Jill Hanken, health attorney at the Virginia Poverty Law Center, said the governor made the right decision about a work proposal that she said would undermine the Medicaid program’s commitment to providing health care to people who otherwise could not afford it.
Hanken urged the new General Assembly to require the state to withdraw its proposals for a Medicaid work requirement and sharing of monthly premium payments by some program participants.
“Those changes would be very complex and threaten health coverage for thousands of low-income Virginians,” Hanken said. “Implementing the restrictions would also cost tens of millions of state dollars, which could be put to much better use.”
The Northam administration had begun backing away from the work requirement commitment before the elections, citing federal refusal to pay the substantial costs of carrying out the Training, Education, Employment Opportunity Program, especially supportive services such as housing, behavioral health treatment and job training.
Virginia has added more than 342,000 people to its Medicaid program under expanded eligibility guidelines in the Affordable Care Act, which commits the federal government to paying 90% of the cost.
The administration estimated this fall that the proposed work requirement would apply to more than 65,000 people in the program, and about 14,000 would lose their health coverage without adequate state support to comply with the proposal. Some allies, such as the liberal Commonwealth Institute for Fiscal Analysis, put the number at 74,000.
Carey estimated the cost of carrying out the work proposal at more than $50 million, but told legislators the administration would continue to negotiate for federal funding to pay for services necessary to keep people enrolled in health coverage.
“The governor committed to negotiate in good faith with the federal government — he kept that commitment,” spokeswoman Alena Yarmosky said Wednesday in response to Republican criticism. “There was never a commitment to take the Trump administration’s deal sight unseen.”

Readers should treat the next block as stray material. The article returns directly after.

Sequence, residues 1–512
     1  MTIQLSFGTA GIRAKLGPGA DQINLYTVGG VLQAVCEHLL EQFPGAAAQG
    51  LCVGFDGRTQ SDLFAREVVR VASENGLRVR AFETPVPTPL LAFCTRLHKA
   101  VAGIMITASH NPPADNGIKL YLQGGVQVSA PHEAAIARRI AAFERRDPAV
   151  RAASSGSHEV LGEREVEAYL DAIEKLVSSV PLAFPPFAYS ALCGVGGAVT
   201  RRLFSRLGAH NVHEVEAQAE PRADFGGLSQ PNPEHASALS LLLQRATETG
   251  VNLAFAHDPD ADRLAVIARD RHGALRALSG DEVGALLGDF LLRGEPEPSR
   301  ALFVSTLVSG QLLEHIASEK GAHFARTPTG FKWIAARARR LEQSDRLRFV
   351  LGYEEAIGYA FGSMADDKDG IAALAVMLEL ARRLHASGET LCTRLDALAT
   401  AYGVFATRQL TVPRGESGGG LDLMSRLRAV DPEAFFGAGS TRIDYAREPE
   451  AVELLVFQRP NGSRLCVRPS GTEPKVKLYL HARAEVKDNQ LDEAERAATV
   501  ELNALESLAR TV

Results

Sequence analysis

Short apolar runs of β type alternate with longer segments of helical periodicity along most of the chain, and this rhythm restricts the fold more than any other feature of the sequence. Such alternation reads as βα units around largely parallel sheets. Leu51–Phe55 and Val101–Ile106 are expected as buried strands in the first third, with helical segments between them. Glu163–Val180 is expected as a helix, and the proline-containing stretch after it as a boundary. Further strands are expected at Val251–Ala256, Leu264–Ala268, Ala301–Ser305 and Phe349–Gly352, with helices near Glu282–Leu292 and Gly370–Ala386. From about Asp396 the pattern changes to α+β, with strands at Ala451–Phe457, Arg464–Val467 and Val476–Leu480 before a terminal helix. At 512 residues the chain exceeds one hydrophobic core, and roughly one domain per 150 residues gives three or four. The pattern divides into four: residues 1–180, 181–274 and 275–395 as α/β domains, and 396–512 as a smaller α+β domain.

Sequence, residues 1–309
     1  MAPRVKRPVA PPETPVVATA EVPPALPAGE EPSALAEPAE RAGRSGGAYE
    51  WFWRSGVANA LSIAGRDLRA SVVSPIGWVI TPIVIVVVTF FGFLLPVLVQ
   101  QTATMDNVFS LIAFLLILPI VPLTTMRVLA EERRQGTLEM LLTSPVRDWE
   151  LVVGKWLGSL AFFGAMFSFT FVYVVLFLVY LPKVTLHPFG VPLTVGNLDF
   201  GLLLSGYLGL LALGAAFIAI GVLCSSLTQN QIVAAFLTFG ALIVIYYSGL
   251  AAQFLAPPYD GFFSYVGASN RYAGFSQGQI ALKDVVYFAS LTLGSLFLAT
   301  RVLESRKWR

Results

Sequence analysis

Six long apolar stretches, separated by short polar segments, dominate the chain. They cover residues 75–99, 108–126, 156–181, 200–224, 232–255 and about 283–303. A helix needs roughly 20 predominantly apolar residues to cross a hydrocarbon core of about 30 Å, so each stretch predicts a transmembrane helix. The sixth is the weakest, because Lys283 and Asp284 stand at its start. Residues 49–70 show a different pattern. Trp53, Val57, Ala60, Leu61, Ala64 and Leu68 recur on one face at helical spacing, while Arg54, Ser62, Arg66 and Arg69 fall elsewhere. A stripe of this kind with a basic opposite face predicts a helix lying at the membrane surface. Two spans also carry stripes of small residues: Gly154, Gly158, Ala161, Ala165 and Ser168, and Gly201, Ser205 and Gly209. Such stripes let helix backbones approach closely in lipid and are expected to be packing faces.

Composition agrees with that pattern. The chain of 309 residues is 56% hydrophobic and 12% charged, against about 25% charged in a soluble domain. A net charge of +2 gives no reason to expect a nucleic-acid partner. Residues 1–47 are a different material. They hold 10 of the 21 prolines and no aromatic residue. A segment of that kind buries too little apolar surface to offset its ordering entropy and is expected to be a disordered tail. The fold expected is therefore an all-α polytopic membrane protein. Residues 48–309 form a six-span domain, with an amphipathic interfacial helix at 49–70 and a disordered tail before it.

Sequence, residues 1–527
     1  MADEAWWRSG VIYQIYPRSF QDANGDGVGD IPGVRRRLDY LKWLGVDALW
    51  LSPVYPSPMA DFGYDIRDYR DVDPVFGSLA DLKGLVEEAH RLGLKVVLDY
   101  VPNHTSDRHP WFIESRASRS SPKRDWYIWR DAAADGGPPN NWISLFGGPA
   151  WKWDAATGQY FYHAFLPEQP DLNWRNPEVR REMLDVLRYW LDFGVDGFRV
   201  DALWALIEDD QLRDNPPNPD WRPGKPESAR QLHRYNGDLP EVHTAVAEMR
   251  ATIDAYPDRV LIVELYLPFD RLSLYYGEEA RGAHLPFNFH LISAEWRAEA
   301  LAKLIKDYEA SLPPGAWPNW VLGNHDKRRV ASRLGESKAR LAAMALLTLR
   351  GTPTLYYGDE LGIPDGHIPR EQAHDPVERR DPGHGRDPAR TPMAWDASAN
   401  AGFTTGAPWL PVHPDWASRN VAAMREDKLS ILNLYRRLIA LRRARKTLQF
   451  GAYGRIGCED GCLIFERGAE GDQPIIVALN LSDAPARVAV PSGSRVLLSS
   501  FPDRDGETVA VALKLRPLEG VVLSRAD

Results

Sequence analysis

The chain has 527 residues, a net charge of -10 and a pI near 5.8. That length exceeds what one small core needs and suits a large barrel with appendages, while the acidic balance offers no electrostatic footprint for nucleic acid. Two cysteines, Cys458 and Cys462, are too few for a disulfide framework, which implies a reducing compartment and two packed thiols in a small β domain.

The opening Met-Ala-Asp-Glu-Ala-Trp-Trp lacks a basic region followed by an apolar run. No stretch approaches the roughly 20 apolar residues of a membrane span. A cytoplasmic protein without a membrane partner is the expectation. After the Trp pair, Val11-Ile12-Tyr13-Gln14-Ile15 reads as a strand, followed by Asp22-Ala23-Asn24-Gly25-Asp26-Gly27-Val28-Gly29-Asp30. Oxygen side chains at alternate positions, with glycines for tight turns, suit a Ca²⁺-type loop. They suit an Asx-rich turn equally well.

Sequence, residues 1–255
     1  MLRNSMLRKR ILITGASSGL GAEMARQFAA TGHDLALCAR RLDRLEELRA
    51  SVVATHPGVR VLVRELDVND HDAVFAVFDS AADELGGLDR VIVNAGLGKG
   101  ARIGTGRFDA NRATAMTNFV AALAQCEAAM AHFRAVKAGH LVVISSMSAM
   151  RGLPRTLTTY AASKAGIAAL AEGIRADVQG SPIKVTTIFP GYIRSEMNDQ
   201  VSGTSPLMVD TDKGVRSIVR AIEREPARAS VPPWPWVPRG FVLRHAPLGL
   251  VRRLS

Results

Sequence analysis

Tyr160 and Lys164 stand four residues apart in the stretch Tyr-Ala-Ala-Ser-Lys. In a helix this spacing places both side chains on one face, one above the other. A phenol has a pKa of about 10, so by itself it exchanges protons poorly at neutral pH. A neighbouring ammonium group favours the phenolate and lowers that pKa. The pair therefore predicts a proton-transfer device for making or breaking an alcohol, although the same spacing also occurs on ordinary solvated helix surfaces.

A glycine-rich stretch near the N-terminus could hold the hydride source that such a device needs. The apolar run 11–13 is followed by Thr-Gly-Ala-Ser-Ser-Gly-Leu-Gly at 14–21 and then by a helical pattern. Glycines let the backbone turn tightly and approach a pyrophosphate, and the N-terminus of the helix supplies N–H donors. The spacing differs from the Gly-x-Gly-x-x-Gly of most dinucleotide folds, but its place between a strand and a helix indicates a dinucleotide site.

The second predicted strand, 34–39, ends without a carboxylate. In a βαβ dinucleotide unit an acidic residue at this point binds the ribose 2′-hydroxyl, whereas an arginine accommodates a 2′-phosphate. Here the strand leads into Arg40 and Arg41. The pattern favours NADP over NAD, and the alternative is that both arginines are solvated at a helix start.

“If legislators would like to continue pursuing a plan that will cost millions in taxpayer money, open the commonwealth up to lawsuits, and kick thousands of people off their health insurance, they are free to do so during the upcoming session,” Yarmosky said.
But Hanger said the Virginia waiver proposal isn’t designed like the work requirements adopted by other states — such Arkansas, Kentucky and New Hampshire — that have been blocked in federal court from enforcing those rules.
“What our program is designed to do is to give a hand up to people and invest in people and improve their lot in life,” he said, “not to kick them off.”
House Appropriations Chairman Chris Jones, R-Suffolk, the main architect of the Medicaid expansion deal, said this fall, “It was never predicated that we have federal funding for that to happen.”
Jones was defeated for re-election in November, when Democrats won an apparent 55-45 majority in the House and a 21-19 edge in the Senate. A recount is pending in one House race.
Hanger will be back in the Senate next month and he’s not backing off.
“We can pause a little bit,” he said, “but I don’t think this is the end of the story.”